Eurich: I like the move a lot. Long was arguably a top-5 guard, but I think he has far more value on the outside at tackle. He struggled in Week 1 against Julius Peppers, but he has been pretty solid all season long at his new position. I still think he is better suited to play left tackle in the future because of his athleticism, so moving him to right tackle is a step in the right direction.
Rigdon: This was a move made for the long-term, and I think Kyle Long can be an above-average right tackle, and perhaps a great one. I think that outweighs even a great right guard.
We're still just seeing the potential, as he's been forced to learn on the fly. That's the one element of the move that never made sense to me; what were they gaining by waiting until the regular season to move him over? I think his transition may have been eased by moving him into the role earlier in the offseason.
6. What player has been the biggest disappointment to you so far?
Clapp: For me it has to be Kyle Fuller as I really believed he was a core piece and would make a jump this year after an inconsistent rookie season. But he's only gone backwards.
There have been some impactful plays and the flashes are still there, but there is far too much bad play mixed in as well. Everyone knows his talent is there; the guy was a first-round pick one year ago. It seems to be a confidence problem as much as anything, so hopefully a good game or two could get Fuller going in the right direction.
Eurich: Kyle Fuller seems like an obvious choice here, but I am going to go with Christian Jones. Not to say that Jones has been a train wreck at inside linebacker, but I was expecting more from him. I thought he would really stand out in Fangio's defense because of his ability to blitz the quarterback and his athleticism. He appears to be thinking too much when on the field, resulting in him being a half step or so behind against the run.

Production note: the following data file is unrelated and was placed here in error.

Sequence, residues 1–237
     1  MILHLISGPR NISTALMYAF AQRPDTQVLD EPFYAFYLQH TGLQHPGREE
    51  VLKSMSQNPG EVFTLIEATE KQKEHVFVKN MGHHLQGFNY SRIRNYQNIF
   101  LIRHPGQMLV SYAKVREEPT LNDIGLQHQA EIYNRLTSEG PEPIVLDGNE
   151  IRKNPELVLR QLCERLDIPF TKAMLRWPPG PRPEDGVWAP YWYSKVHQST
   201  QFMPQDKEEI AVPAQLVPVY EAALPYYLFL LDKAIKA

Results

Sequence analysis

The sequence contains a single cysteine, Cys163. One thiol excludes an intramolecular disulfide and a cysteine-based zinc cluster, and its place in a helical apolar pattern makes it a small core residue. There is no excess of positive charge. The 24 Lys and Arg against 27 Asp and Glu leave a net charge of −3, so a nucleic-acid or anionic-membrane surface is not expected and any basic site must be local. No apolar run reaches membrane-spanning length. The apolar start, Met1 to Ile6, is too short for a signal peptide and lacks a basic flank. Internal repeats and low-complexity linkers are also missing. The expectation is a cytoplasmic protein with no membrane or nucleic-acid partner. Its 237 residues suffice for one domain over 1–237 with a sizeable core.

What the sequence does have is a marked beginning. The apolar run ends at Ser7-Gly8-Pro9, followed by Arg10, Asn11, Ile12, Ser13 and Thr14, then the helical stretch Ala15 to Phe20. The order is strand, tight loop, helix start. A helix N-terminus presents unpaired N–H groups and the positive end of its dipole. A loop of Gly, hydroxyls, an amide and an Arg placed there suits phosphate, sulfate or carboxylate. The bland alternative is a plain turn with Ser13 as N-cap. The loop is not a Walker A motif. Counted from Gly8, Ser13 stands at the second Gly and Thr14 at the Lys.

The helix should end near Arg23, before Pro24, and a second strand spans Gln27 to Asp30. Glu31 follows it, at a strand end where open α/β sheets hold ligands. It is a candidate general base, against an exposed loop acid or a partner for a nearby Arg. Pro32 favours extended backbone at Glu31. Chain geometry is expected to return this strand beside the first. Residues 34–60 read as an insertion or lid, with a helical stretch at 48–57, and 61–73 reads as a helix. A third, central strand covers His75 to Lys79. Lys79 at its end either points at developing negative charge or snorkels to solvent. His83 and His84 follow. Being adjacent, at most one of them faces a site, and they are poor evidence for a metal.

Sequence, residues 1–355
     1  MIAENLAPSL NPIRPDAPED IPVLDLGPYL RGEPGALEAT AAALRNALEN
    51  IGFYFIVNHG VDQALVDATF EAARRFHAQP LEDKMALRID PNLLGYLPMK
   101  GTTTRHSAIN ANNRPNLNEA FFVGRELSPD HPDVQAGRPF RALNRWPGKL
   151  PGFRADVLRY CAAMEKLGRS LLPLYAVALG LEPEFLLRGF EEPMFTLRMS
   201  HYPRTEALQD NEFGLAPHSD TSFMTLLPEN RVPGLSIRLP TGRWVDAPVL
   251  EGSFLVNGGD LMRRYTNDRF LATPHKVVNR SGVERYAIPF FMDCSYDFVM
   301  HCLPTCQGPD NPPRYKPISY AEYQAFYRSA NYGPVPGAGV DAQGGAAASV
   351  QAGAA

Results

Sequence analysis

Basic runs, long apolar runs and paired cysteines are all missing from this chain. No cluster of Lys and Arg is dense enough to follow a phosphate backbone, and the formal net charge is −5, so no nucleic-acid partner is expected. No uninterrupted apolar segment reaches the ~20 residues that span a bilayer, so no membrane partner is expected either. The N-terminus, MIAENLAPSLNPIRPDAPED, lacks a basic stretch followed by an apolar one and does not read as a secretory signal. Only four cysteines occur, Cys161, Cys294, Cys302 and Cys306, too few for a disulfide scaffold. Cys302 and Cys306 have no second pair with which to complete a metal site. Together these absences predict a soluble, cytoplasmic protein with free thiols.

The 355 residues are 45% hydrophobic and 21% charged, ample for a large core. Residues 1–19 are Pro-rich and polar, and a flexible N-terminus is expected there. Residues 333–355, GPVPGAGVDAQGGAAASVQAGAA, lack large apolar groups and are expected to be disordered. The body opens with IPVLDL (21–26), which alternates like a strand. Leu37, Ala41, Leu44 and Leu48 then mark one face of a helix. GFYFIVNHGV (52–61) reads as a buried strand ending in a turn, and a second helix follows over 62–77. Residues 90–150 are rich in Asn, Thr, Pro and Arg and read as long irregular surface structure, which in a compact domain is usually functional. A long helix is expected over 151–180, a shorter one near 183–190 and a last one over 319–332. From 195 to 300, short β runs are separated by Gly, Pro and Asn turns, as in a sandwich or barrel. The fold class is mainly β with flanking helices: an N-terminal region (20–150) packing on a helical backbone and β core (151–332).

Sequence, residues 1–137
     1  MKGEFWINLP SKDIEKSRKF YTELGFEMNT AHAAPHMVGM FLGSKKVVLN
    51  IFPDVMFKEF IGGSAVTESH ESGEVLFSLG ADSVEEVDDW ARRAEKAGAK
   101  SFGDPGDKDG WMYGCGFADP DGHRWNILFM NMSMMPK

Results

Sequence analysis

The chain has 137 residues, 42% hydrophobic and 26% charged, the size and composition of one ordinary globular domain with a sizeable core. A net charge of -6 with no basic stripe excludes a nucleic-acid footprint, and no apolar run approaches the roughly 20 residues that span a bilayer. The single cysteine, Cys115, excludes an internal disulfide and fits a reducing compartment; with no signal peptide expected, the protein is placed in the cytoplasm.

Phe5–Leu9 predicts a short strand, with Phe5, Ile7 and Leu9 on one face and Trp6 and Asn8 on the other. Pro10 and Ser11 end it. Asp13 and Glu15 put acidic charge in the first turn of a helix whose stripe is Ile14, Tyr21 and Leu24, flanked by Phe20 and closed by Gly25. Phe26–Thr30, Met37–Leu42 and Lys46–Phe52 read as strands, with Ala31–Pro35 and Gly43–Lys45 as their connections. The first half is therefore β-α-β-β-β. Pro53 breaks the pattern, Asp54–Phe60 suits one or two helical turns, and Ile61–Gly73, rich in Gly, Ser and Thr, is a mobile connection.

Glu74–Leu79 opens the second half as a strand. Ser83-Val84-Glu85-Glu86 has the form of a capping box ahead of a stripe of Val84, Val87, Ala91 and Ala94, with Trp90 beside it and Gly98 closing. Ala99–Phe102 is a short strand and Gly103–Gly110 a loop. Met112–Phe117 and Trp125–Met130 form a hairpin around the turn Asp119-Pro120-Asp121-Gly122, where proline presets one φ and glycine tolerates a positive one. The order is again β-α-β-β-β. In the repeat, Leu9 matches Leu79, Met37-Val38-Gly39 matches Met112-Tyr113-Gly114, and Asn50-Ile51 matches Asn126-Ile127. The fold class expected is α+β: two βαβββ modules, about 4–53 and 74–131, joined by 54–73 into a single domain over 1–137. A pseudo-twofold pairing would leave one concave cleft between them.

The coaching staff appears to be very high on Jonathan Anderson, and that could spell the end for Jones as a starter once Shea McClellin returns.
Rigdon: Kyle Fuller has shown a few flashes of tackling ability of late, but my goodness is he a shadow of what he appeared to be at the start of last season. He looks a long way from a shutdown corner, and in fact the veteran Tracy Porter has looked the superior player by far.
7. What player has been the biggest surprise to you so far?
Clapp: Adrian Amos. This dude attacks the football but in a very disciplined manner for a fifth-round rookie. He hits hard, plays the run well, and seems to be around the football constantly.
All of that sounds like a description for the last young safety the Bears had to be excited about, Mike Brown. Now, not saying Amos is going to be nearly as good as Brown was in his heyday, but he looks like a very good player and a long term piece for the Bears' derfense.
Eurich: What Adrian Amos has done in the first eight games of this season may go unnoticed by many around the NFL, but fans in Chicago should appreciate just how steady he has been this season. He has yet to make much of an impact against the pass, but he has been a pleasant surprise against the run. I think he has chance to be an above average starter in Chicago's for years to come.
Rigdon: Adrian Amos has been the sort of hard-hitting, run support safety the Bears haven't had since, I don't know, Mike Brown? Maybe Danieal Manning? And he's not been exposed in the passing game, at least not to the point of notice. He's been a big key to the Bears defense surging to borderline respectability.
8. What player do you think could surprise, or make a much bigger impact, in the second half of the season?
Clapp: I'm going to go with a guy that has just been banged-up almost the entire season, Eddie Royal. This is a polished, solid all-around receiver that had 62 receptions last year for the Chargers, and 15 total touchdowns over 2013-2014 for the Chargers. He also has a history with Cutler of course, with 91 catches with Jay and the Broncos in 2008.
Obviously we have no idea if Royal can stay healthy the rest of the way, but if he can, he will add a dynamic weapon to the Bears' offense and give Cutler a reliable option out of the slot.